Don’t get me wrong. I also enjoy stories in which the h/h experience strong attraction from early in the story, but sometimes it’s nice to see this desire be depicted with a light hand in the early scenes—avoiding the same old, same old physical responses—so we can get that sense of increasing attraction, in scenes of constantly growing intensity.

So if you’ve written a romance or story with romantic elements, and it’s not erotic, don’t feel that the sexual attraction always needs to go from 0-90 mph in the first encounter. Consider deferring the responses of nether regions until later in the story. Instead, give your couple’s relationship a slower arc with more subtlety in the details. And if you’ve written a romance about a captive falling in love with her captor, it will be much easier for editors and readers to believe…

What about you? Any other readers enjoy the slower build?

25 thoughts on “Taking It Slow”

  1. You wrote a whole post for me :) Excellent advice.
    Funny b/c the WIP I’m working on now is so subtle it’s bashing me on the head asking me if it is really a romance. Sigh.

  2. Rhonda Stapleton says:

    I agree with everything you just said. It totally depends on the story, of course, but in general I am much more drawn to a slow burn and find it more plausible and engaging.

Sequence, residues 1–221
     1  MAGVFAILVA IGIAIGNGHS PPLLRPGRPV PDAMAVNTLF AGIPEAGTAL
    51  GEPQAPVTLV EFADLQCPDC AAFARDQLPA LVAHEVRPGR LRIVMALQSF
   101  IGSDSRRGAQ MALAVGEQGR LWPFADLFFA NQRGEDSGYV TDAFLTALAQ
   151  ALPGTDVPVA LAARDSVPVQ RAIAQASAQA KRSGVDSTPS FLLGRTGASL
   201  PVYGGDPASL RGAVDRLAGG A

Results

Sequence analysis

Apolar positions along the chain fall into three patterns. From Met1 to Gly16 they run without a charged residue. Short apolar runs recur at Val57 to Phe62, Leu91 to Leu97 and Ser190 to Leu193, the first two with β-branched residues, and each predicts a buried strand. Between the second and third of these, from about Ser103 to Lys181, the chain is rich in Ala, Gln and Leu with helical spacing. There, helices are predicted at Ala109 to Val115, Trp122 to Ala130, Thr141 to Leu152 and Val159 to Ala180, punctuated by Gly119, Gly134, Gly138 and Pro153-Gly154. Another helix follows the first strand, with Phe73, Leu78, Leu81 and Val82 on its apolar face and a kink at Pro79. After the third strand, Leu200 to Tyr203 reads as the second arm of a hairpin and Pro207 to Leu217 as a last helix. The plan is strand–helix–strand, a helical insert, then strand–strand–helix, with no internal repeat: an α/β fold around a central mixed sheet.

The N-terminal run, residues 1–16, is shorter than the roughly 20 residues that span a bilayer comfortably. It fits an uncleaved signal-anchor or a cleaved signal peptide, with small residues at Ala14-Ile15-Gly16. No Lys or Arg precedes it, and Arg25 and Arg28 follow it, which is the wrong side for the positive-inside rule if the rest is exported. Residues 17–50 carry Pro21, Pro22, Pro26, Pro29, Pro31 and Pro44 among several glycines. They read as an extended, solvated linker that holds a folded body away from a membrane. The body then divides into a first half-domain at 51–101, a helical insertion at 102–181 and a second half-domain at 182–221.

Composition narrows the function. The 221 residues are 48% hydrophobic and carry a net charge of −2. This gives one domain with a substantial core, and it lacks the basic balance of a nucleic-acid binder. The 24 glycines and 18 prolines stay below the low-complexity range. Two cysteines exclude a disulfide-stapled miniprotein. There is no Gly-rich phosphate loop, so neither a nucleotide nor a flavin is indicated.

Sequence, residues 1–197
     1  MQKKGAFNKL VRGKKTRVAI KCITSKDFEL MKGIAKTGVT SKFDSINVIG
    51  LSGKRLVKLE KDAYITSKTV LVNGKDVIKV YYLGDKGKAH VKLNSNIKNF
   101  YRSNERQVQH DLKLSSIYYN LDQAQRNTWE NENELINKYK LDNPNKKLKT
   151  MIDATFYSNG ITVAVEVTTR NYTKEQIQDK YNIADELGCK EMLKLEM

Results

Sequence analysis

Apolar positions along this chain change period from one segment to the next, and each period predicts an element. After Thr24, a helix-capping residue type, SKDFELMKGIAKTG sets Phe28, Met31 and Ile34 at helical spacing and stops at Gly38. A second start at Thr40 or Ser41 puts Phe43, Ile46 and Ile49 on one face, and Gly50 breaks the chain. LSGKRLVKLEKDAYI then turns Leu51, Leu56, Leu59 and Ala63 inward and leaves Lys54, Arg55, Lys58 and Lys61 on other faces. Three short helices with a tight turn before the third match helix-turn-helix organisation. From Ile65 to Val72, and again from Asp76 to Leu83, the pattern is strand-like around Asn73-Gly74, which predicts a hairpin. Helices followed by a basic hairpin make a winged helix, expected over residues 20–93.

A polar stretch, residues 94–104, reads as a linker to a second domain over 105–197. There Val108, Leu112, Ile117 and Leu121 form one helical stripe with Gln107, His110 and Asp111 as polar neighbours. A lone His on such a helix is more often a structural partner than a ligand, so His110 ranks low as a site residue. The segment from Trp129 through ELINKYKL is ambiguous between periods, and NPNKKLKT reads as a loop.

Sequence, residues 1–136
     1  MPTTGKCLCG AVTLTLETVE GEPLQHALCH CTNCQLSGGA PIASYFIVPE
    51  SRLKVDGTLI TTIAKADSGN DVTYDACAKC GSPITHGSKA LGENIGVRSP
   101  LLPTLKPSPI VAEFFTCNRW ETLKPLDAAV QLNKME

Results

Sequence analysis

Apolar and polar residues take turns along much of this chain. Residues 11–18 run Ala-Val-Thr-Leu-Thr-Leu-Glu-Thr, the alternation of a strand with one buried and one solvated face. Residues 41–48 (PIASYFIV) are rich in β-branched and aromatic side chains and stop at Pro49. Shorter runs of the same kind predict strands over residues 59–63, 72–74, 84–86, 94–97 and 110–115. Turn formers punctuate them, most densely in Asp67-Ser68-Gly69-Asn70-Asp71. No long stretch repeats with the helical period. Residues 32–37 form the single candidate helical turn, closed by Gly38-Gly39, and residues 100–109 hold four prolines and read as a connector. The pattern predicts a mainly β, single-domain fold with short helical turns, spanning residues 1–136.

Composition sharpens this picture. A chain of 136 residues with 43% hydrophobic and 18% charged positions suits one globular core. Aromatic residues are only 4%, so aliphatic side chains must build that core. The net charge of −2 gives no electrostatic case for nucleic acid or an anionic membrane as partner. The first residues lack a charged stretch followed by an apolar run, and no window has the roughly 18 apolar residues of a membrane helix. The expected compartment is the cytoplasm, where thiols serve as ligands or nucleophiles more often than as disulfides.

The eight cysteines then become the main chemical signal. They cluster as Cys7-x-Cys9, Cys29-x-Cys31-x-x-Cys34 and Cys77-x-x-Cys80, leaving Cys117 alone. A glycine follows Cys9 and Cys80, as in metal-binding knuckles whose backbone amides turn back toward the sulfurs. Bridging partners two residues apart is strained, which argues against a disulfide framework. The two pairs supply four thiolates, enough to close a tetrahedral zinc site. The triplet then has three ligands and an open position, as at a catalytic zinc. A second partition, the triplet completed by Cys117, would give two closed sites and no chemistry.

3. Terri Osburn says:

    I just breathed a sigh of relief. To hear an editor say this makes my day. I’m not a fan of the instalust and have lamented the way this idea seems to have creeped into all the books I pick up these days.

    Attraction, yes. Instalust, no.

    Thanks for explaining this so well, Deb.

  4. Awesome post and excellent advice. It’s nice to see that the buildup is just as important as the payoff, especially for those of us who need to write it slowly :).

  5. Monika Krasnorada says:

    Thank you so much for this. I’ve always enjoyed that slow, slow burn. I think it’s much sexier than wham-bam-thank-you-ma’am/sir from the get-go that is so prevalent now.

  6. I like to read books in which the sex has something to do with the plot, and that the sex is appropriate to the plot. I do not like books in which the plot is less important than the sex. That’s a slippery slope into porn, imho.

  7. Deborah says:

    Yes, Rhonda makes a good point. It does depend on the story. A reconciliation romance featuring a couple who know each other well is an example of the kind of story where instant attraction works. Other authors write steamy novellas intended to be all about the heat. I do seem to be getting many more submissions of those sorts than the slow-build kind.